Athlete of the Week: Alan Magadan

Luke Lawhorn, Sports Editor

The fall semester has been filled with great UTSA athletic success. Soccer won the Conference USA title, football is set to host the conference championship game for the second straight season and cross country had its best finish in a decade. What has seemed to go unnoticed is our men’s tennis team, primarily the duo of Alan Magadan and Sebastian Rodriguez, who has become nationally ranked as a doubles team.

Though Rodriguez could not join the interview due to a professional competition in Chile, Magadan sat down to talk about the duo’s performance this semester and what life is like for him outside of tennis. 

The junior was born in Mexico and moved to the United States when he was 11. Magadan lived in McAllen, Texas, and went to Memorial High School during his ninth-grade year before being homeschooled the rest of high school.

“Everything was out of my hands at the beginning. I couldn’t play [Division I], so I had to go to junior college, then after that, I played one semester at Tyler College,” Magadan said.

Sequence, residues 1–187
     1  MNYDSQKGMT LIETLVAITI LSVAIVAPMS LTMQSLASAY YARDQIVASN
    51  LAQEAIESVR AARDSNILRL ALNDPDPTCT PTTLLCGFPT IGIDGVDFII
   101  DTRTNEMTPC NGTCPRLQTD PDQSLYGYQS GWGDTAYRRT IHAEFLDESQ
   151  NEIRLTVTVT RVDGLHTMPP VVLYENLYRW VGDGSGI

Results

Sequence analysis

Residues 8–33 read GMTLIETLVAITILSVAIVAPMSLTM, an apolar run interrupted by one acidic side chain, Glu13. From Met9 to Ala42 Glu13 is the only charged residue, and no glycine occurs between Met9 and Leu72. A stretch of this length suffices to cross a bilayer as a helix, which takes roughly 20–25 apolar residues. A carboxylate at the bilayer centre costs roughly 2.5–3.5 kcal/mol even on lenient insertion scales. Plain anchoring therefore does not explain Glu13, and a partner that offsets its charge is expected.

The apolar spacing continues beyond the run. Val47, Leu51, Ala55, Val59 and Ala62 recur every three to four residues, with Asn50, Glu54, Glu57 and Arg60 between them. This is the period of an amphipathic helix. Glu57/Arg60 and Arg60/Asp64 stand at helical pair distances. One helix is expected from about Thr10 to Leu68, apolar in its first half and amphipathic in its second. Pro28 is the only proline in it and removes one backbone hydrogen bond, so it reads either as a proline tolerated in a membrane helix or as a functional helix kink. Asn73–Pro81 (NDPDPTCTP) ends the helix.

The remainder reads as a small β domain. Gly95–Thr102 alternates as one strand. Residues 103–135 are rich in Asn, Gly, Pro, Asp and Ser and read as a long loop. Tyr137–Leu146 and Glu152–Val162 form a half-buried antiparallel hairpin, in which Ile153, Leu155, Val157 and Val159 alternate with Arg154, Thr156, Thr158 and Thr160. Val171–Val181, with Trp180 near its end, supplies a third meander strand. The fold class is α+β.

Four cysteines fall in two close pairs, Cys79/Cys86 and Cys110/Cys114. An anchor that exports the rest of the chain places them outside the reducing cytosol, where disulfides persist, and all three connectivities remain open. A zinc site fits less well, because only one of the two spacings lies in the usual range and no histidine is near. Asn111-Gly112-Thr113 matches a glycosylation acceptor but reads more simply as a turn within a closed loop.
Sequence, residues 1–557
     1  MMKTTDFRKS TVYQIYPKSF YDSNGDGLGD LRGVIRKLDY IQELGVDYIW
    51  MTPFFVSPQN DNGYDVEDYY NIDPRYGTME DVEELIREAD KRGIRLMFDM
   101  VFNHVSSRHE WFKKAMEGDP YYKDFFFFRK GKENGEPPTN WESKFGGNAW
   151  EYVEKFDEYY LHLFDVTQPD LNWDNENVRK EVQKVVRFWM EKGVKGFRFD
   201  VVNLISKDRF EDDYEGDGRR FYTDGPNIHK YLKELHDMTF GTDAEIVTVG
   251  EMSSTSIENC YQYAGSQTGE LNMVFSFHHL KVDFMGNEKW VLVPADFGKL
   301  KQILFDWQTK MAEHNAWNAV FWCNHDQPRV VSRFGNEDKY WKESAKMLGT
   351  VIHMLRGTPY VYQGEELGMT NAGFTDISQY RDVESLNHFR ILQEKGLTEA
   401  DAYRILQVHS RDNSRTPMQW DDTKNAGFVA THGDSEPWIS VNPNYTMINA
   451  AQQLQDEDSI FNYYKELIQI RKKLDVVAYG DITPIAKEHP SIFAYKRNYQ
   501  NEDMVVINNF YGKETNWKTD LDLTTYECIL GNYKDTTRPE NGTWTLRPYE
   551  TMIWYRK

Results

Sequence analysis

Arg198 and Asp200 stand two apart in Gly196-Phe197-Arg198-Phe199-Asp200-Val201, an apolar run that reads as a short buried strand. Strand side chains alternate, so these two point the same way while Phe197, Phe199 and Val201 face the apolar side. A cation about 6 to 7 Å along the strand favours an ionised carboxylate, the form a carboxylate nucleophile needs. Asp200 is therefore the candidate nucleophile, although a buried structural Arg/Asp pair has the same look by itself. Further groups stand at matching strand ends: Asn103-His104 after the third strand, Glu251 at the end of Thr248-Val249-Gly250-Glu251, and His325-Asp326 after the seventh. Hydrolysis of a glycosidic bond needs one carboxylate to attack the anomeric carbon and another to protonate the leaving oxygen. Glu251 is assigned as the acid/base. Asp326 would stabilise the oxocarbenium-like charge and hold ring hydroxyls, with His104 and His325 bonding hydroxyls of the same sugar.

That team went on to win nationals. Magadan capitalized on that championship by playing in a summer tournament in San Antonio. After losing in the final match and winning a cash prize, Magadan woke up with a text message which would change his collegiate path.

“I woke up with a message from my coach saying, ‘you’re unable to play at Tyler College again because you won money.’ Everything changed there because I had to study in order to play D1, and I had to find a school online or in-person that I could finish my next two semesters of JUCO,” Magadan said.

Magadan studied at home during the next two semesters and got his associate degree. While weighing his options and looking at where to attend school, Magadan felt a connection with UTSA’s head tennis coach Sergey Avdeyev, along with knowing a couple of members from the program already. Magadan was close to choosing UCF in Orlando, Florida, but it came down to being close to home.

“That was a lot of things I could have in the balance. It was closer to my parents and [home] town, just three hours away. Plus, I have a car, and three hours away is a lot closer than 22 hours to Florida,” Magadan said.

Because Magadan dropped out of school after freshman year and played in tournaments, he was forced to get his GED. After talking to coach Avdeyev and deciding to commit to UTSA this past summer, Magadan decided to major in marketing while minoring in sports management.

Magadan made an immediate impact on the tennis program at UTSA during his first semester. By knowing duo partner Sebastian Rodriguez before, the two instantly made national noise. The duo won the International Tennis Association (ITA) Texas Regional Championship by defeating three nationally ranked opponents, including No. 3 TCU, in the title match.